Aji WOW: Momiji tempura leaves
Aji WOW is my series of unusual Japanese food/drink reviews. 'Aji' (味) means 'flavour', and the name's also a pun on 'ajiwau' (味わう) - 'to enjoy the taste of'.
This time: Momiji tempura.
The city of Minoh (or Minoo, or Mino-O, up to you) isn't far from Osaka. It's known for several things, such as the waterfall and hot springs, and the beer made at Minoh brewery.
Sure, other places have hot springs too. And Minoh beer is shipped to plenty of shops and bars in Kansai. You don't have to be in the city to experience those. So if you want something that's Minoh and only Minoh, what do you try?
Momiji tempura, that's what.
Yes, that is a deep fried leaf. A Japanese maple leaf, to be more exact.
I hasten to point out these leaves aren't just plucked off the trees and deep fried. (Or worse, plucked off the ground...) They've got to be dried and preserved first. Prepping momiji leaves to be made into tempura takes up to a year.
On the 3km-ish walk up to Minoh waterfall, there are several shops selling momiji tempura. You can get mini packs of baby leaves for snacking, or bigger gift boxes. Sadly, no 'I went to Minoh and all I got was this box of leaves' T-shirts in sight.
I went with a bag of hot, freshly-battered momiji to eat as I walked around. It's hard to resist the sweet, warm maple smell wafting through the air. The day was overcast and a little chilly, so having these as a hand-warmer was also pretty nice.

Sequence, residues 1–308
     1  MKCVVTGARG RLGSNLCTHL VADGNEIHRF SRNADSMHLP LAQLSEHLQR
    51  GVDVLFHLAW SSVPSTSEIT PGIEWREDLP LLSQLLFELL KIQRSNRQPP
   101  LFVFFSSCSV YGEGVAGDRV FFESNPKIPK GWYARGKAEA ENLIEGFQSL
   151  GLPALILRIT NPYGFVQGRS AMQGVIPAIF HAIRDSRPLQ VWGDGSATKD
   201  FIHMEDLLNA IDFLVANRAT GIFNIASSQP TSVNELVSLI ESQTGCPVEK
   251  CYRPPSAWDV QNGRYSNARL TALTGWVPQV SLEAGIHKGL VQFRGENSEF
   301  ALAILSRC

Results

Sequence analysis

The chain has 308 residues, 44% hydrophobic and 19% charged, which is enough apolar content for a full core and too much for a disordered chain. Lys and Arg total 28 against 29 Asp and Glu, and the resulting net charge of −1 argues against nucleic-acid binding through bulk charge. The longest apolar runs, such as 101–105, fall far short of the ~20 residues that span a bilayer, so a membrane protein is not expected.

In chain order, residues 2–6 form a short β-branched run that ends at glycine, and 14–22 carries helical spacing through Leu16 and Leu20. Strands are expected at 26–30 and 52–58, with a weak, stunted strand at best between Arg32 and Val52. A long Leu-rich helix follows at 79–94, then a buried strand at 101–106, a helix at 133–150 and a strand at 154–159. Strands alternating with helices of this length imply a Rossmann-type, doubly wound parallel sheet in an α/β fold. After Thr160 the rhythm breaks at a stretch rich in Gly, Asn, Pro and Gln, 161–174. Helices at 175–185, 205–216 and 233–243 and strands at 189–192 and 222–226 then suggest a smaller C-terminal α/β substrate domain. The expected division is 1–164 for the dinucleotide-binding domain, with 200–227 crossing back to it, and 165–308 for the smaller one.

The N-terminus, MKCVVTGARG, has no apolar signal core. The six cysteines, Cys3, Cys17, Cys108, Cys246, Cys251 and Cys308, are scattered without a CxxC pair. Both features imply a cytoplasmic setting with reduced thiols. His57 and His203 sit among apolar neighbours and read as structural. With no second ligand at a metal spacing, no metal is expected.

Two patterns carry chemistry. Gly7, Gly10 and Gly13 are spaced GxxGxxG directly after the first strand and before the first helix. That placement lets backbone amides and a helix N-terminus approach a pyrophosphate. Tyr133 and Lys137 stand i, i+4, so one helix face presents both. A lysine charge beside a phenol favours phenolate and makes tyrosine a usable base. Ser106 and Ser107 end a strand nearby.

When I went to Minoh in late September, some of the leaves still on trees were just starting to turn. To see the autumn foliage at its peak, November's typically the best time to go. Momiji tempura can be bought all year round, even though they're seen as more of an autumn snack. Being fried gives them that autumn orange, which I suspect is part of the appeal.
I'll be honest: as tasty as these are, they're 95% batter and 5% leaf. They've got that satisfying crunch, and you can see the leaf inside, but it's bordering on 'toffee apple without the apple'.
The bits you can see in the batter are sesame seeds. Most shops mix them in when frying the momiji. They add to the savoury flavour, and surprisingly go really well with maple. I did find one stall selling spicy momiji, but I didn't ask what they were spiced with. Possibly mustard seeds.
Would I eat these again? Probably. Verdict: 8/10